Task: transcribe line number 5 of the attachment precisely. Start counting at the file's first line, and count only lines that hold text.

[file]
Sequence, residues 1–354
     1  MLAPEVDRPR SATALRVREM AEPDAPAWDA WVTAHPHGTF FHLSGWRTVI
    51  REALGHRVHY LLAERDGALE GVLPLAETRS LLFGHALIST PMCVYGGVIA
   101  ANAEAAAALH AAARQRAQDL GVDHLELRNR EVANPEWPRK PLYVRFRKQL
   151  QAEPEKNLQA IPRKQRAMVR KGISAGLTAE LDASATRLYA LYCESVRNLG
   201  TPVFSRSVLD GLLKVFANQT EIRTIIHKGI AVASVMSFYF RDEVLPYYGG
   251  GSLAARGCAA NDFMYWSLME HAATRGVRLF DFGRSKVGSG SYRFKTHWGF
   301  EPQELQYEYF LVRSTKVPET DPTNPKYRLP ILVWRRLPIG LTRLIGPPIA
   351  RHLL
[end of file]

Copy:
   151  QAEPEKNLQA IPRKQRAMVR KGISAGLTAE LDASATRLYA LYCESVRNLG